In the midst of Suffolk Downs making a big splash with their official intentions to seek a casino license, the New England Patriots are apparently throwing a chop block their way.
With a major casino developer visiting Patriots owner Bob Kraft at last Sunday’s football game, casino gaming in Greater Boston has officially become a multi-billion dollar battle that will be fought by billionaires right in Revere.
In an expanded gaming scenario that – at least up until last week – seemed like a slam dunk for Suffolk Downs, Patriots owner Bob Kraft threw a monkey wrench into the plan by inviting Las Vegas gaming mogul Steve Wynn to the Patriots game and by proposing a $1 billion development plan for Foxboro – a plan that could net the Town of Foxboro some $15 million per year.
As the license boundaries exist now, Suffolk Downs would have to compete with Foxboro for one license.
At the same time, the Revere and East Boston horse track also turned up the heat by rolling out their plans for the coming months with a comprehensive open letter advertisement in the Journal and the East Boston Times.
In the letter, signed by Chief Operating Officer Chip Tuttle and approved by owners Richard Fields and Joe O’Donnell, Suffolk details that they plan to apply for a license, that they expect stiff competition and that they plan to hold community meetings in the coming months.
“Consistent with what we have said for the last few years, Suffolk Downs intends to compete for one of the three resort casino licenses authorized by the new law,” read Tuttle’s letter, which appears in this edition of the Journal and Times. “We expect formidable competition for these licenses. Notwithstanding that, we are confident we can earn a license based on our 76-year history of hosting gaming and on our proposal to develop a world-class destination combining a hotel, restaurants, retail, entertainment, gaming and horse racing.”
The letter touched on the track’s commitment to providing thousands of jobs with benefits and advancement opportunities for local residents.
They also allude to revenue for host communities and investing in local road and transportation projects.
“We are committed to…working with state and local law enforcement on a comprehensive public safety program and spending tens of millions of dollars annually on goods and services with local businesses,” read the letter.
Notably, Suffolk announced that they’ve taken design renderings released last year – during the previous failed attempt at approving expanded gaming – and revamped them.
“Since then, we have been working to refine those plans with teams of architects, engineers and our gaming management partner, Caesar’s Entertainment,” wrote Tuttle. “Over the next several months, we will begin to roll out specific and more detailed plans so that the community can better understand and provide us feedback and ideas. We have been excited to listen to community ideas to date and look forward to an open dialogue with you, including community meetings and opportunities for public input as we move forward.”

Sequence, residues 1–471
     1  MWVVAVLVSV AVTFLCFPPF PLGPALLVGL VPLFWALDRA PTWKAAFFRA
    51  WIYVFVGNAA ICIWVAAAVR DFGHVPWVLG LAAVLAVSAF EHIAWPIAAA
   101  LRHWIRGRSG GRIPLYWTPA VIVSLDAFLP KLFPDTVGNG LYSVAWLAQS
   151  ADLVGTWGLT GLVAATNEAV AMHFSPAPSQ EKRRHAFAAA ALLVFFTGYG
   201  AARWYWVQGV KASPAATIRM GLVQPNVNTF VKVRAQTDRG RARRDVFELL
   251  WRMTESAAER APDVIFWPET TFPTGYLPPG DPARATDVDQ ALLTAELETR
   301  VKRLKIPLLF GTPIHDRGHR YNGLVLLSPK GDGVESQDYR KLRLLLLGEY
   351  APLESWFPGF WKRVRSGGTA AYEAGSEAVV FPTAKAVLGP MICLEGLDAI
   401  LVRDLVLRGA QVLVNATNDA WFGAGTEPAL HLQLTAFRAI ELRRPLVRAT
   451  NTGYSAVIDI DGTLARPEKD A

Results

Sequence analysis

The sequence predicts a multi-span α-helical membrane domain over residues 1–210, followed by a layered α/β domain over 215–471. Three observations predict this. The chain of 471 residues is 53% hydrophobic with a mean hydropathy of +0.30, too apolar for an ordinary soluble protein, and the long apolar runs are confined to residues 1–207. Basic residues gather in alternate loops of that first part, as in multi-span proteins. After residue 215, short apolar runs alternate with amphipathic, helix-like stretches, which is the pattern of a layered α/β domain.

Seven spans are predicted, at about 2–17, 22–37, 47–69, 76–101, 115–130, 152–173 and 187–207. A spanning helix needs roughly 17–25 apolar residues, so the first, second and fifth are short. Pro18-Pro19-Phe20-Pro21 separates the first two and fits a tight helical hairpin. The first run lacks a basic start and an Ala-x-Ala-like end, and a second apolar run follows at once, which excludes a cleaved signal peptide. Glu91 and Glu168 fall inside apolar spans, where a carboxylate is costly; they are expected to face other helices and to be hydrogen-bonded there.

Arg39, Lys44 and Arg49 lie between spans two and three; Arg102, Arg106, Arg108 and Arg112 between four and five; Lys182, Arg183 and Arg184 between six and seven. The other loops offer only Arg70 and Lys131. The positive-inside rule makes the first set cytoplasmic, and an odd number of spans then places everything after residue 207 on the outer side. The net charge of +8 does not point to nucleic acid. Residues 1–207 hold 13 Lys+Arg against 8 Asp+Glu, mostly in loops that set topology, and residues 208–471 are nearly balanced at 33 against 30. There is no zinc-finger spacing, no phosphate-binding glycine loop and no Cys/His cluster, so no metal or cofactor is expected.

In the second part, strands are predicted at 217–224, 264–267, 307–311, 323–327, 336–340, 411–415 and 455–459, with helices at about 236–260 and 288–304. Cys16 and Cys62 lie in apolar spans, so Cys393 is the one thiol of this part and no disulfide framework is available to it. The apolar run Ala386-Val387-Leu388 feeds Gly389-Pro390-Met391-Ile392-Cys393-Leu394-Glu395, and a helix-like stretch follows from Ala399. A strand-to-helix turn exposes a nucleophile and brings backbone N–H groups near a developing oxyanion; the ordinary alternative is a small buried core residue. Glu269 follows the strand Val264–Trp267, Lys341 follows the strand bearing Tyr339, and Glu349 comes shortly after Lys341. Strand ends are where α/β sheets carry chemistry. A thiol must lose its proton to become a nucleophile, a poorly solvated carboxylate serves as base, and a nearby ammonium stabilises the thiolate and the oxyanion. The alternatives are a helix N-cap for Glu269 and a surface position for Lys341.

Suffolk Downs also noted that they plan to unveil a website – called www.friendsofsuffolkdowns.com – to answer questions about the new expanded gaming bill and the process that is ahead – including a binding ballot referendum for Revere and Eastie voters.
“As we enter the next phase of our business development, we pledge to build upon that legacy and to embrace our commitment to our host communities,” concluded Tuttle.
That remarkable rollout from Suffolk was curbed a bit by the weekend news, as pictures of Kraft with Wynn were all over the Boston newspapers on Monday. Wynn – who grew up in Boston and has relatives in Revere – attended the game on Sunday, but also presented a detailed plan for a $1 billion casino development to local Foxboro officials.
It came during a closed door meeting with Wynn, the officials and Kraft, according to Boston media reports.
Having a big-time Vegas player like Wynn and a wholesome New Englander like Kraft in the casino game certainly stirs the pot in an uneasy direction for Suffolk.
However, the “Patriot” casino currently faces stiff and resounding opposition from Foxboro residents – who, like Revere and Eastie – would have to approve the idea in a binding referendum vote.
Just last September, Foxboro’s city manager proposed changing the Town’s zoning to permit casino gaming and was beat back decidedly by a packed room full of angry residents.
Likewise, in 2004, Foxboro voters easily rejected a casino in a referendum vote of the Town.
In addition, Kraft would potentially need approvals from the National Football League to operate a gaming facility on his property – though the details of that are still rather uncertain.
To date in the debate, things have mostly been rough sketches and grand, public shows of power and money.
The clear focus in the state process right now is getting a five-person Gaming Commission appointed.
The Gaming Commission – more than any other body – will be charged with steering the new process and evaluating licensee applications. The Commission will eventually select who gets and does not get a casino license.
According to the law, the governor gets one appointment and that person will be the Commission chair. The state treasurer also gets an appointment, but that person must have a background in corporate finance. The state attorney general gets a singular appointment too, and that person must have a criminal justice background.
The other two appointments will come from a joint decision of the governor, the attorney general and the treasurer.
Already, those three officials have announced that they will hire an executive search firm to help with the choice. That firm will be chosen within the next month, and applications for Commissioner positions are due by January 9.
The new Commission, by law, must be in place within 105 days from today, December 7.
Until that time, let the races begin.